Since this blog introduced the invention of the HTML5 car you might expect that we stress this analogy again. Imagine you bought a new car. In the users manual you find the following hint: “In case you are interested in the power but don’t want to drive you can easily isolate the engine and use it for whatever purpose you like.” You might be surprised. Not only that the pure power might be dangerous. In order to make it useful you will need to have something that you can drive with this power.
If HTML5 (based on HTTP) is the car then TCP/IP can be seen as the engine. And HTML5 provides you access to the engine. It allows using TCP plain – without the HTTP around it. And as with the car engine you can only make use of it if there is a counterpart that can consume and react on what is produced. The API that provides this to you is called WebSockets. [read more]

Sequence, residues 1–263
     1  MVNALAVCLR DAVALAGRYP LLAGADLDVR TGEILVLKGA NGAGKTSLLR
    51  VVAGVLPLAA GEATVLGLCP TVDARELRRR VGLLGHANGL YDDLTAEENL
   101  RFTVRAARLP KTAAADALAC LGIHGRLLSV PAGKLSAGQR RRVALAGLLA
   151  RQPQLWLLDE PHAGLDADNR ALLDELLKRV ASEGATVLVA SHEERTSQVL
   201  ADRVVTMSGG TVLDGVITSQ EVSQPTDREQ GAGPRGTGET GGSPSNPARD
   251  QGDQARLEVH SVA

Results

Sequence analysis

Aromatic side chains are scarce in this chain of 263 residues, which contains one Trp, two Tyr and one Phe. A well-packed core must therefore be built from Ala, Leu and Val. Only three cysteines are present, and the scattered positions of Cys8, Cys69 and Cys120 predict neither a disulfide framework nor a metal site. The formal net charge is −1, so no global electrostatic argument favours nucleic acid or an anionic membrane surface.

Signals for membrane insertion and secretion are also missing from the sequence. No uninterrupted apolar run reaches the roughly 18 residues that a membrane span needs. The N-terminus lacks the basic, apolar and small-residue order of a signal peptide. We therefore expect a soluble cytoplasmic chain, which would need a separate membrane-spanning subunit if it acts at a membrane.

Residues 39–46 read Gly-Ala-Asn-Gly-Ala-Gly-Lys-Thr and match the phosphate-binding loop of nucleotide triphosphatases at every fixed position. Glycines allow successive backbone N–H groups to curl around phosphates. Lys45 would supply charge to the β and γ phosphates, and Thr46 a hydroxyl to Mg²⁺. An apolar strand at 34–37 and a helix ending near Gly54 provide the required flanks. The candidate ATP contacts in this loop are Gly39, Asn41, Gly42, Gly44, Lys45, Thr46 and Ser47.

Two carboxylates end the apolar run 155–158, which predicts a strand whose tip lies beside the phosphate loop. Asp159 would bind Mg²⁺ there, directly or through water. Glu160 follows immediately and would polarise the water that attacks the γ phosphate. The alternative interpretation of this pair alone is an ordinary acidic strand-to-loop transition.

In this post we will investigate a bit on who has the say with HTML5. We will start with another demo called the towers of Hanoi – often implemented in wood or plastics as a child’s game. This game was also used by our computer science teachers to introduce the principles of recursion. We will use it to introduce HTML5 drag and drop. (In the end it could also serve as a demo for CSS3 because it accomplishes quite some graphical tasks just by using some simple CSS3). Try it: [read and play]
Yes, design principles for HTML5 do exist. At least as a W3C Working Draft. As this working draft tells, the plan was to publish them as W3C Working Group Note. Well this obviously didn’t happen up to now. Never the less reading the “HTML Design Principles” helps to understand much better why HTML5 is like it is. [read more]
The following paragraph is special. You may edit it. And with some luck – meaning
localStorage working and enabled – you will find your edits again when you return next time. To be true: it has to be using the same browser on the same computer with the same userid. [read, play and quiz]
Unbeschwert entspannen, unbeschwert wandern? Wandern in Europa!